Your average high school students may not be able to explain a fictional company’s dividends to a lecture hall full of adults from the business world. But after five days at Young Entrepreneurs Business Week, they could. YEBW is a nonprofit summer camp founded in 2006 by young Oregon entrepreneurs Nick and Maurissa Fisher, hosted on the campuses of Oregon State University and (new for 2013) the University of Portland.
YEBW’s founders shared a concern that young people of all educational and economic backgrounds often leave high school with no practical business knowledge, hindering their ability to innovate, create, and produce the kinds of goods and services key to Oregon communities’ growth and success. They sought to fill the gap by drawing together curriculum developers, business professionals, educators, and successful youth-focused program leaders to launch an innovative educational program for high school students.
YEBW students leave the camp possessing relevant, basic financial and business skills to apply to whatever goals they set for themselves. The camp starts with the basics so teenagers progress gradually, under the guidance of adult mentors, to create fictional companies, to pitch business plans to mock investors, and even to present earnings reports to their “stockholders.”
Participants spend one week on the OSU or UP campus and are exposed to a challenging curriculum designed to teach students that business can be fun and exciting, not to mention understandable and interesting. During the program, students are divided into student-led companies, guided by volunteers from the business community who share their knowledge and expertise throughout the week. The curriculum provides students with the financial literacy, business fundamentals, and confidence they need to be self-sufficient and successful.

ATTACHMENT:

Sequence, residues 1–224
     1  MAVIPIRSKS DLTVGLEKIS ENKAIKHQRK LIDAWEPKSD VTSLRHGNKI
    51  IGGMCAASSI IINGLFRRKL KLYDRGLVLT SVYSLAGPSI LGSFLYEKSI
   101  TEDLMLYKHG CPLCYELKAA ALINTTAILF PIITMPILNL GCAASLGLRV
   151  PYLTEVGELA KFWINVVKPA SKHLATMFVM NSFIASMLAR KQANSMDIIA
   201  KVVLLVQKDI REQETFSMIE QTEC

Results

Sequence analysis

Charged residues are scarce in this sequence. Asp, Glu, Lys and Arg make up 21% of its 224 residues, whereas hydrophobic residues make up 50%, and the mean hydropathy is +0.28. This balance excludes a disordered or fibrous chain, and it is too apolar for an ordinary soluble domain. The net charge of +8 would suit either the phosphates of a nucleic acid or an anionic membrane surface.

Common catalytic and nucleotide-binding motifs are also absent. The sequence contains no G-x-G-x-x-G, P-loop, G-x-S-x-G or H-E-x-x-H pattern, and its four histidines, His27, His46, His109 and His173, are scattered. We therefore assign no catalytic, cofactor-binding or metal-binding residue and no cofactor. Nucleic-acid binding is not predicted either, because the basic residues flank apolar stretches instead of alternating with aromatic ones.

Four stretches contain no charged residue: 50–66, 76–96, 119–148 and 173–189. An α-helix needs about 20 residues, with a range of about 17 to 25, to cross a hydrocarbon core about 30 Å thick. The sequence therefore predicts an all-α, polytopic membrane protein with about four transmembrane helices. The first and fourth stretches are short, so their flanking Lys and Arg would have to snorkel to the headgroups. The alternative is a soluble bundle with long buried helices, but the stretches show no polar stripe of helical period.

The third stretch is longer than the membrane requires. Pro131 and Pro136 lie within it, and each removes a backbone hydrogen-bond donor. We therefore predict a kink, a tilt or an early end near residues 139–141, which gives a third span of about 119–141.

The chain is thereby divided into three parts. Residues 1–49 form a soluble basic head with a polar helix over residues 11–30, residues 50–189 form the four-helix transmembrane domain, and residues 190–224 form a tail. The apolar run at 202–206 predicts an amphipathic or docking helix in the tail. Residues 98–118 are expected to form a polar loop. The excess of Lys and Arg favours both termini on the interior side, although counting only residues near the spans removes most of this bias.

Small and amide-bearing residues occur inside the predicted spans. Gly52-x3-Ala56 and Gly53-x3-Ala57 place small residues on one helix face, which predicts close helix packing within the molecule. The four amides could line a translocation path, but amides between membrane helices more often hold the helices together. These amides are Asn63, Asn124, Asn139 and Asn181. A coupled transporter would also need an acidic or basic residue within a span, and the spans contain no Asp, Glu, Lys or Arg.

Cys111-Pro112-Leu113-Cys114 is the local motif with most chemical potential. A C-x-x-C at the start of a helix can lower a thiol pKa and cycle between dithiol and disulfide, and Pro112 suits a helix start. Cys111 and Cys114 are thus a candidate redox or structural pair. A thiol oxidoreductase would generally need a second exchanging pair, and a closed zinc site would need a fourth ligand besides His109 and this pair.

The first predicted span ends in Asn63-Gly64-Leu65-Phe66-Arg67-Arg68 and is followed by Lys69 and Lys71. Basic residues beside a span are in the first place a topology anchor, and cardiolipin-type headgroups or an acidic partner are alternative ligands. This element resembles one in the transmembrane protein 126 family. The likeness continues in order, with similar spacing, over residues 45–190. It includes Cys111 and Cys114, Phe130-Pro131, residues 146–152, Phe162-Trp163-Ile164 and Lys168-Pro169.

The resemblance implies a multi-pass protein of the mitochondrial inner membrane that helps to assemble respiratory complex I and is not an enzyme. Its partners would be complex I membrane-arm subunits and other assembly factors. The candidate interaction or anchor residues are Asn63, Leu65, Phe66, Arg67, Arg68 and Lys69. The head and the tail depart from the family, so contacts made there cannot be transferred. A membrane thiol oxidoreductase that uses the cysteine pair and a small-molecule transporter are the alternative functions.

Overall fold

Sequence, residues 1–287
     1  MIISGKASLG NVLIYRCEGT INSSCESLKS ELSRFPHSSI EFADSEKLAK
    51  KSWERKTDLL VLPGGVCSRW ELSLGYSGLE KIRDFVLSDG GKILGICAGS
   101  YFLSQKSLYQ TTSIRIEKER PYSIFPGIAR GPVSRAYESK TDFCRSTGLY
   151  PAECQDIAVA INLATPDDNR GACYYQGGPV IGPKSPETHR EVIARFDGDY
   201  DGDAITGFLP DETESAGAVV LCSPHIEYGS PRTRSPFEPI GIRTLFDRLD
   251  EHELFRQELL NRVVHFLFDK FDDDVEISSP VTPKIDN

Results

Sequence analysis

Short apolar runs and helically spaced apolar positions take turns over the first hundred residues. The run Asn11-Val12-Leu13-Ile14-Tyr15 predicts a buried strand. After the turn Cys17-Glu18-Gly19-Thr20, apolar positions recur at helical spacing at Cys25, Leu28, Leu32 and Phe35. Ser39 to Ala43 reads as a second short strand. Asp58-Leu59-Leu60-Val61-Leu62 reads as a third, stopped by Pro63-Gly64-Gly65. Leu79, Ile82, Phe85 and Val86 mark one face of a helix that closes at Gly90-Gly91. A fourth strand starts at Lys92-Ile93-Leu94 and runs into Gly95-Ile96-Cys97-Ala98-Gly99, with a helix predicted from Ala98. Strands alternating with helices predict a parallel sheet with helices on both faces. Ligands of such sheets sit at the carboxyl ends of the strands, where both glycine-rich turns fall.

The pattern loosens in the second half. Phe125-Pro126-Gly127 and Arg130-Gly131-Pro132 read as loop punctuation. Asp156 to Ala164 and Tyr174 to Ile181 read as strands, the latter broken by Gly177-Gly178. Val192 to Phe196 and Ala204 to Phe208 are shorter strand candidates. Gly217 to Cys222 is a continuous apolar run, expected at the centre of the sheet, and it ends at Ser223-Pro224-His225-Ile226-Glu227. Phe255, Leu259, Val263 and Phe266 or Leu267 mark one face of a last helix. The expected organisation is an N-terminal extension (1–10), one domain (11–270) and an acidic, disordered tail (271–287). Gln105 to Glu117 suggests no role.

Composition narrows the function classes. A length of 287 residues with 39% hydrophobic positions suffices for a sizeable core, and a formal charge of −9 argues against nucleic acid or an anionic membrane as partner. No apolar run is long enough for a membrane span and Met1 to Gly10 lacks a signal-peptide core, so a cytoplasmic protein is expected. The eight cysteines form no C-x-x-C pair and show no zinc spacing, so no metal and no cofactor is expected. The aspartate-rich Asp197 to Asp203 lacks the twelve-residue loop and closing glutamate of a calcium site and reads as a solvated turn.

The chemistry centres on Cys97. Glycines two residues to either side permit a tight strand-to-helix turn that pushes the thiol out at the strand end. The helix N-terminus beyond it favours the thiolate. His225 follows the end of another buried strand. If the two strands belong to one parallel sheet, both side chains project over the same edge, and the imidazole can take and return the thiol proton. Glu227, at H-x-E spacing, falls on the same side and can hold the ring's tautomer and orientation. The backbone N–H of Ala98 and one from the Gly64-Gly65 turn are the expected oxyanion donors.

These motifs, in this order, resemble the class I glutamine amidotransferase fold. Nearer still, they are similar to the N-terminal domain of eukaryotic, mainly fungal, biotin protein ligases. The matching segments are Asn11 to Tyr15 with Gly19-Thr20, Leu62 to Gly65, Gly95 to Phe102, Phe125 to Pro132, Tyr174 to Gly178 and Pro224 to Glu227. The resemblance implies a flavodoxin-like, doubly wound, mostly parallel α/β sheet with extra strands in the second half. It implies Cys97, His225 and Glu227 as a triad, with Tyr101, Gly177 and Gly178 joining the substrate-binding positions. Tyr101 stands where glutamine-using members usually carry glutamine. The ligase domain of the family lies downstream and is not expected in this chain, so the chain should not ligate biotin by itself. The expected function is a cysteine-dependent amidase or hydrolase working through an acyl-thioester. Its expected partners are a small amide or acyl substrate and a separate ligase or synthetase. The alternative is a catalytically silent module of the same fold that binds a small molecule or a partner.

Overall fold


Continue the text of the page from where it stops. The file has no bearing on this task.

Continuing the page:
During the first-year program, Business Week, students form mock companies where they create management teams, develop mission statements, invent a product, and conduct actual operation of their own business by competing in business simulations. Designed to broaden the practical skill sets of each student, the program incorporates professional speakers and other interactive learning exercises like mock interviews and networking events.
For returning students, Investing Week gives students the opportunity to learn about basic investment vehicles, the principles of evaluating a potential investment, and understanding the personal and business effects of the financial market system. Apprentice Week provides the chance to learn what it is like to start and run a business. Students prepare a full business plan, run an on-campus business as a team, and present their individual work to a panel of judges acting as potential company “investors.”
It’s not all “head knowledge,” either. YEBW fosters professional interpersonal skills. Students learn the art of the handshake, eye contact, introductions, proper business and evening attire, and table manners, so they can navigate job interviews and networking events with confidence. A high point of the week, increasingly popular with the students, is the “etiquette dinner,” where they practice their skills by networking and dining with adult volunteer professionals at a formal banquet.
YEBW’s motto is “there is a business side to every occupation.” Likewise, every occupation would benefit from Oregon having more business-savvy graduates of YEBW. The teens who attend the first-year program mostly come with no prior business knowledge or experience, but they leave with well-earned confidence in their abilities and potential as tomorrow’s successful professional adults. A nonprofit program like YEBW, spearheaded by enthusiastic young business leaders, is truly a bright light for the future of the entrepreneurial spirit in Oregon.
Kathryn Hickok is Publications Director at Cascade Policy Institute, Oregon’s free market public policy research organization.